Dwell time and how to increase dwell time are often neglected elements of search engine optimization. You, too, probably mostly concentrate on how to get visitors on your site and rarely give a thought about how to keep them there.
However, dwell time, the amount of time visitors spend on your site, is an important indicator. Longer dwell time usually indicates a positive user experience. It’s also something search engines take notice of.
For that reason, in this post we will dive into the topic of how to increase dwell time on your WordPress site. For that, we will first examine what dwell time is and why it matters. After that, we will shortly discuss how to measure it and finish the post with some practical advice on how to increase dwell time on your site.
What is Dwell Time (And Why Should You Care)?
The term “dwell time” was pioneered by Duane Forrester, then Senior Project Manager at Bing, who mentioned it in a blog post on the Bing Webmaster blog. Here’s how he defined it:
The time between when a user clicks on our search result and when they come back from your website […].
In short, it’s the time people consume your content before looking for more. So far so good. Why does this matter to search engines? Here’s Forrester’s take:
Your goal should be that when a visitor lands on your page, the content answers all of their needs, encouraging their next action to remain with you. If your content does not encourage them to remain with you, they will leave. The search engines can get a sense of this by watching the dwell time.
So basically, dwell time is a metric that tells search engines how well you manage to satisfy your visitors needs. If they spend a lot of time on your page, it means they like what they found and your content fulfills what they came to your site for.
Since it’s the job of search engines to provide users with the best possible search results, seeing visitors satisfied with your page is a good thing. Consequently, it would be a reason to promote your page in the search results. Conversely, a short duration could be a reason to demote it.
While dwell time isn’t an official ranking factor, you would still do well to increase it as much as you can. Why is that? Because a) there are indications that dwell time does influence search rankings and b) taking measures to increase dwell time will improve your general SEO and the quality of your site. And that can never be a bad thing.
How to Calculate Dwell Time
Before attempting to improve it, you first need to have an idea of how your site is currently faring in terms of dwell time. After all, you can only measure improvements if you have a clear before picture.
However, when you check Google Analytics or the analytics tool of your choice, you will be hard pressed to find dwell time displayed anywhere. The only thing Google offers is time on page and bounce rate.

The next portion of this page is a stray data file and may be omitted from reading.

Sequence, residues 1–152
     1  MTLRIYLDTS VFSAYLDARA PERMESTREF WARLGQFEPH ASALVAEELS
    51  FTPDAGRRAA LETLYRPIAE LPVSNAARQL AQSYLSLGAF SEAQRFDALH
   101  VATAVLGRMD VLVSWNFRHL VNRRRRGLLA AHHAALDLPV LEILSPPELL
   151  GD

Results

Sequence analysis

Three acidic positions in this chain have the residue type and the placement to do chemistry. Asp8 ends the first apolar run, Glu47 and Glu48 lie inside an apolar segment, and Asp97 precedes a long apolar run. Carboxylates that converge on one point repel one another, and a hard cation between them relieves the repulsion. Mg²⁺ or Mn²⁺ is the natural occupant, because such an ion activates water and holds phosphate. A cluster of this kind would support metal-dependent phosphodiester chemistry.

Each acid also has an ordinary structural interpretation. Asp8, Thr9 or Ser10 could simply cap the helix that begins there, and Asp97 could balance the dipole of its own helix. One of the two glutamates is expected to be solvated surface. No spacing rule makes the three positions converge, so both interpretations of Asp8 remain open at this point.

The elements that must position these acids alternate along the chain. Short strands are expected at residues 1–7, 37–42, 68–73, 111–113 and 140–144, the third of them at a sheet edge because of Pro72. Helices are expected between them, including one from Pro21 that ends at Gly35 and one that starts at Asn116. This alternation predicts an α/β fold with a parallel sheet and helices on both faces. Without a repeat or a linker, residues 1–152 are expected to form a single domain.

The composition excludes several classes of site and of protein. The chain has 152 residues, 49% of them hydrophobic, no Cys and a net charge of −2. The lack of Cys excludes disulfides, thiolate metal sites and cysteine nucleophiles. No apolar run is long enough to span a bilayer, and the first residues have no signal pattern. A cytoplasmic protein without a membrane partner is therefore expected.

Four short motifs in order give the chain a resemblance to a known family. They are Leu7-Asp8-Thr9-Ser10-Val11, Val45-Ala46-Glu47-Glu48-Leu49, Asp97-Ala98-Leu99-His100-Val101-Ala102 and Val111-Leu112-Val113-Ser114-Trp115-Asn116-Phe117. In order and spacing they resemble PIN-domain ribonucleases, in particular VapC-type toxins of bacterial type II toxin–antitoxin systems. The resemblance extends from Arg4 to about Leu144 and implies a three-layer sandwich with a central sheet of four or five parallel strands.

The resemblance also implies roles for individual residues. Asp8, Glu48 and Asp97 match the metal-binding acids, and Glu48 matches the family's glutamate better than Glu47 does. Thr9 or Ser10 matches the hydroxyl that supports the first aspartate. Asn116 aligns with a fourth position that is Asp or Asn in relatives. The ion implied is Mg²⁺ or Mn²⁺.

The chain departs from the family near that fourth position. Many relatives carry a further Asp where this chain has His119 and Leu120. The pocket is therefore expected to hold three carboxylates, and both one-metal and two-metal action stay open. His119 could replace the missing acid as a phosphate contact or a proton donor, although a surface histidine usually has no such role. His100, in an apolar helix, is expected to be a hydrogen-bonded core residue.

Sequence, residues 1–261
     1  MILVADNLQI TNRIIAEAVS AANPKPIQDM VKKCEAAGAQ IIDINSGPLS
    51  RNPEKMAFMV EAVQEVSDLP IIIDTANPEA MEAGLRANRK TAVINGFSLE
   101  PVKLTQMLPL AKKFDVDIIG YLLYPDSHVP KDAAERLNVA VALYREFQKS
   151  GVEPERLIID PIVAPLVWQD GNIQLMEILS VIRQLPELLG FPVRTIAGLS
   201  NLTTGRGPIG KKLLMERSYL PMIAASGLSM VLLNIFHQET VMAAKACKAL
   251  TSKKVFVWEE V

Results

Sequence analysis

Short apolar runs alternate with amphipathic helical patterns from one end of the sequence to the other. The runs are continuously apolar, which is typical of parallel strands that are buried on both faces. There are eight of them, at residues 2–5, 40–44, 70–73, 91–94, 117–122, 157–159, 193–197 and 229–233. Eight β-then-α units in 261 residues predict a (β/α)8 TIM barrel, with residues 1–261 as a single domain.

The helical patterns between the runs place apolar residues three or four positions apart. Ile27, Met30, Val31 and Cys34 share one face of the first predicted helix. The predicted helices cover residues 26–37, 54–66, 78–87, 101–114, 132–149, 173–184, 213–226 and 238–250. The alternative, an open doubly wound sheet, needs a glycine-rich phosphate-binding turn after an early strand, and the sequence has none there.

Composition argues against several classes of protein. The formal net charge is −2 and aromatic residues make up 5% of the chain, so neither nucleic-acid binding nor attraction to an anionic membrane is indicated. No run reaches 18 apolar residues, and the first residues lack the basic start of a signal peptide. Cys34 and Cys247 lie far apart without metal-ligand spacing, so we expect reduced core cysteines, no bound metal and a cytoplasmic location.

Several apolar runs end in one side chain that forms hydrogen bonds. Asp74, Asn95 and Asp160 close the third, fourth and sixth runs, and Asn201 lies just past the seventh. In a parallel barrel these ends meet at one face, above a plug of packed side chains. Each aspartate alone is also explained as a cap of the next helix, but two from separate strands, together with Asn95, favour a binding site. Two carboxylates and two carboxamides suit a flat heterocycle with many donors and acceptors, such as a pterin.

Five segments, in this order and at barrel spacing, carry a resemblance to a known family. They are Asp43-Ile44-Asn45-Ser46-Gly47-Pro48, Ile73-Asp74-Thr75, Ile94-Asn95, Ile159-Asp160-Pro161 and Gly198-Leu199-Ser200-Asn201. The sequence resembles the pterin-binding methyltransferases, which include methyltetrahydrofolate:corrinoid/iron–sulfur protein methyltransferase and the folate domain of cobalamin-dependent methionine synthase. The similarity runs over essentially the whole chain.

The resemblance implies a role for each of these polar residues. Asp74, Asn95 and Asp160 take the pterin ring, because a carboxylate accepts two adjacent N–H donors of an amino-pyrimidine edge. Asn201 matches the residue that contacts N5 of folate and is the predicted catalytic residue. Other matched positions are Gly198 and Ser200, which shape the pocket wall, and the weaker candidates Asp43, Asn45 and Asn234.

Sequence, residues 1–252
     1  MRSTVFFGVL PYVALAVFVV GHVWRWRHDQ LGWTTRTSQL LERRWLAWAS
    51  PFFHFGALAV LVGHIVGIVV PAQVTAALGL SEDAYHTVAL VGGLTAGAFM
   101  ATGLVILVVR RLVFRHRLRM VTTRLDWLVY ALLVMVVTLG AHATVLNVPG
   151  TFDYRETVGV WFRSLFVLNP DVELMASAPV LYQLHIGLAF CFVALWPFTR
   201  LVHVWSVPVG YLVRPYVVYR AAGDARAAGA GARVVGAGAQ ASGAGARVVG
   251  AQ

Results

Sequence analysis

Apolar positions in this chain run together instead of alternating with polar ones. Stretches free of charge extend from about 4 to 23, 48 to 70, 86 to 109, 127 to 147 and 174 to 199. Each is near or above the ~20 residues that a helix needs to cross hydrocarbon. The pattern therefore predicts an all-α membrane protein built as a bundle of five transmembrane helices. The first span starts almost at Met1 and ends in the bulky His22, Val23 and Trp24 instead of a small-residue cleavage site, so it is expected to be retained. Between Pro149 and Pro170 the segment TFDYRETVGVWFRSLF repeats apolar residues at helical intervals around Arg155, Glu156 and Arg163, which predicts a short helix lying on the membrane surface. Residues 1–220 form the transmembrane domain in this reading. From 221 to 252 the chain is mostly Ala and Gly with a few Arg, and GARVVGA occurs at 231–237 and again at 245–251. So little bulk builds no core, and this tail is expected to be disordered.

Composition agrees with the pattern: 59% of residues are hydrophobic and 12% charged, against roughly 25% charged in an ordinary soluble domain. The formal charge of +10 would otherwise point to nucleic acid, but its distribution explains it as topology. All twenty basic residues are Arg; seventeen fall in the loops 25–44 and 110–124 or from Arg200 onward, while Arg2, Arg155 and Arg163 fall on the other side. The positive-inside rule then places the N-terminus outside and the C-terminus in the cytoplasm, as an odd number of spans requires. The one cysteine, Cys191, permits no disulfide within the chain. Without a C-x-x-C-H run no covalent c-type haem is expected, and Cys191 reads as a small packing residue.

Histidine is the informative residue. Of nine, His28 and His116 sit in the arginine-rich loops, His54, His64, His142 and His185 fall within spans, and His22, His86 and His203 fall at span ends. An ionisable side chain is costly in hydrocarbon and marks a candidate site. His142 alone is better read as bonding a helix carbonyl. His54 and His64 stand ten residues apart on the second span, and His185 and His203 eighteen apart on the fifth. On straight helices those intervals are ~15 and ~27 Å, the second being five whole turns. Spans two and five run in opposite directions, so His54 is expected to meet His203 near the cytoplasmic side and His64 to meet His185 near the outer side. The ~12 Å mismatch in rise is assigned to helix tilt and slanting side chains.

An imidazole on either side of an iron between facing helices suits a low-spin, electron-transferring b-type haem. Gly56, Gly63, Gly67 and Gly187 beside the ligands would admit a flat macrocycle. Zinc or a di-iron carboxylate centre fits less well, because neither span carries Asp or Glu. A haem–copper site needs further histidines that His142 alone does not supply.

While those are useful metrics to approximate dwell time, they are not quite the same:
- Dwell time — As mentioned, this means the time interval between someone clicking on a search result and returning to the search page (and only the search page).
- Bounce rate — The percentage of people who leave your site after visiting only one page. It doesn’t matter whether they spent two seconds or an hour on there, without a second click both counts as a bounce.
- Time on page — Means the amount of time people spend on your page before moving on to anywhere else. Their next destination can be the search page, another page on your site or a completely different website.
In short, while dwell time is related to bounce rate and time on page, it’s not quite either of them. At the same time, there is no official way to measure dwell time. It’s more of a concept than a hard metric and I recommend reading Neil Patel’s detailed discussion of dwell time.
As a consequence, those two metrics are a good way to give you an indication of how your pages’ dwell time is faring. For that reason, before taking any corrective action, you’d do well to note them down for pages that you want to improve. The article cited above also gives you an idea as to what numbers to shoot for.
Effective Ways to Increase Dwell Time in WordPress
Alright, now that you know why dwell time matters and the state of affairs on your website, it’s time to take action. Trying to increase dwell time, in a nutshell, it comes down to two factors:
- Providing an excellent user experience
- Creating relevant, unique, valuable and engaging content
However, the devil is in the details. For that reason, here are some actionable pointers on how to do that.
Optimize the First Impression
The first thing people see on your site has great influence on whether they will stick around. If they are turned off immediately, there’s no reason for them to proceed to the rest of the page. This decision happens in milliseconds. Since you rarely have a second chance to make a first impression, you better make it count:
- Page loading speed — 40 percent of users will abandon a site that takes longer than three seconds to load. Three seconds? That’s shorter than it takes you to spell bounce rate. Consequently, the first step to increase dwell time on your site is learn how to speed up your WordPress website.
- Design — Web design has a lot of sway on whether visitors trust your website. That’s why you need to make sure it’s crisp and resonates with your target audience. Simple backgrounds, plenty of white space as well as clear and easy-to-read fonts are your friend.